A Beginner’s Guide to JavaScript


If you’re interested in learning more about the programming language known as JavaScript, you’re on the right track. JavaScript is one of the foundation technologies of the World Wide Web, alongside HTML and CSS. Nearly 98% of all websites use JavaScript on the client side to control web page behavior. In addition, many websites also incorporate third-party libraries, which include HTML, CSS, and JavaScript. If you’re curious about JavaScript, you can check out this comprehensive guide.

A JavaScript script uses the statement syntax to control the flow of the program. Unlike methods, properties, and events, statements are not tied to an object and can be used with any type of object. JavaScript offers only a few basic statements, but if you’re working with a complex application, you can use one of the bare-bones versions of the language. The most common statement, “for,” can perform a single operation and returns a value.

Using a function like findAverage allows you to access information about the browser. For example, the code below displays the names of the properties of a button. When you’re done, use the return keyword to get the average value. Then, use an inline onclick handler for every button. This will work for all buttons. As long as you have the onclick=”createParagraph” attribute for every button, you’ll be able to use JavaScript in a simple way.

Although JavaScript is generally disabled in browsers to protect the user, it has many benefits. It has dozens of libraries and frameworks that make it easier to create highly functional web applications. Popular frameworks for web development include AngularJS, ReactJS, and jQuery. Web developers can also access extensive resource material for JavaScript free of charge. It’s also great for creating games and dynamic content. However, if you don’t have a dedicated web server, JavaScript can still be an asset.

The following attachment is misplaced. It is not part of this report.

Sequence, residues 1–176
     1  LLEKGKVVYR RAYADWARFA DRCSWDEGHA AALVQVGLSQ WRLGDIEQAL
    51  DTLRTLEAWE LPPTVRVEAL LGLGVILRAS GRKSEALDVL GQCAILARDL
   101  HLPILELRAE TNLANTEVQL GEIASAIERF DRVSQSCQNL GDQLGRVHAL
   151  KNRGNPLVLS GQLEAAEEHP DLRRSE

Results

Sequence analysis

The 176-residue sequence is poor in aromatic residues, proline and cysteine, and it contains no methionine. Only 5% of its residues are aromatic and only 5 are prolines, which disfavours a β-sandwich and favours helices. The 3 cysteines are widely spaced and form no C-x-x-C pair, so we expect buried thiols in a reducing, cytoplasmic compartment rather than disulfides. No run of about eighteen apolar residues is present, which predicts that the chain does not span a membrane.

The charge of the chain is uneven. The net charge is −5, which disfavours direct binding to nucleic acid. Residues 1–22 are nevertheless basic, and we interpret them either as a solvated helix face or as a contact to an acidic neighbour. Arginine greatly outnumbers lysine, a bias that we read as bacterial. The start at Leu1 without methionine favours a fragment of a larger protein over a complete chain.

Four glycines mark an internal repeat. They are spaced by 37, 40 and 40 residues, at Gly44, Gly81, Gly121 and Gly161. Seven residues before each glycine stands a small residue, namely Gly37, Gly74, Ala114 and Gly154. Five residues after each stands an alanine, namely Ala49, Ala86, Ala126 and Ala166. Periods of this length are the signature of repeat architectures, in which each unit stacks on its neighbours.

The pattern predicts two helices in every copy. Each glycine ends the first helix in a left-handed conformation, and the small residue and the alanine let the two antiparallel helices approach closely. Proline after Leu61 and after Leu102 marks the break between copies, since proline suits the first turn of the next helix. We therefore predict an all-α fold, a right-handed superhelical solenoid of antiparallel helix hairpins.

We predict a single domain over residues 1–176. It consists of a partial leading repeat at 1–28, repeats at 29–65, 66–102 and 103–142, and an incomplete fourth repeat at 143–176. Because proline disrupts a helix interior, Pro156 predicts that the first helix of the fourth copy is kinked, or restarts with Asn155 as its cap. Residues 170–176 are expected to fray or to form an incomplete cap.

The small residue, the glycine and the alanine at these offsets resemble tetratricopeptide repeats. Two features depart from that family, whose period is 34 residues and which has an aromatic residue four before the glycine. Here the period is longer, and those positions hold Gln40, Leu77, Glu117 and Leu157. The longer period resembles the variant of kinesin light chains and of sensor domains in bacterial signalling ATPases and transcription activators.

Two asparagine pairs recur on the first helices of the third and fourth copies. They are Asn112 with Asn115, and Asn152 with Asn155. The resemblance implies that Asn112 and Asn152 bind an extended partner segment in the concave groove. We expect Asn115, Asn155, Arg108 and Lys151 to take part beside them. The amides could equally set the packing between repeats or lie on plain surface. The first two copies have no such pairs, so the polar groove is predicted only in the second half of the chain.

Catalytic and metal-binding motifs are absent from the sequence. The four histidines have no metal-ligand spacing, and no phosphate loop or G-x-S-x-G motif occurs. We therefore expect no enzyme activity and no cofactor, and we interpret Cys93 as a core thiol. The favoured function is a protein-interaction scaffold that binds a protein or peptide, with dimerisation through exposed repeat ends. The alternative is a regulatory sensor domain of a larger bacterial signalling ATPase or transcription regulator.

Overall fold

A for loop is a loop in which a variable is incremented by a certain number of times. Each time the loop is executed, the Count variable will increase by one. You can use a for loop to count from one to ten. A simple for loop, on the other hand, counts from one to six, and exits before going up to ten. Then, a break statement exits the loop.

JavaScript can also be useful for fixing layout problems. Its object literal syntax helps identify the location and size of any element on a page. This prevents elements such as scroll-bars and menu items from overlapping with each other. It can even be used to enhance the user experience with the help of HTML interfaces. If you’re not comfortable with HTML, there are several resources available online. There is also a lot of help available for beginners.

The development of JavaScript was originally initiated by Netscape. Netscape submitted JavaScript to ECMA International for approval as a standard specification. This was designed to ensure interoperability between browsers and devices. As time has passed, JavaScript has grown and developed alongside new browsers, such as Google Chrome. Browsers also incorporate a JavaScript engine, sometimes referred to as a JavaScript virtual machine, which is a built-in component of the browser. Chrome, Edge, and Opera use V8. Other browsers use a different codename, “Chakra” for Internet Explorer and “Nitro” for Safari.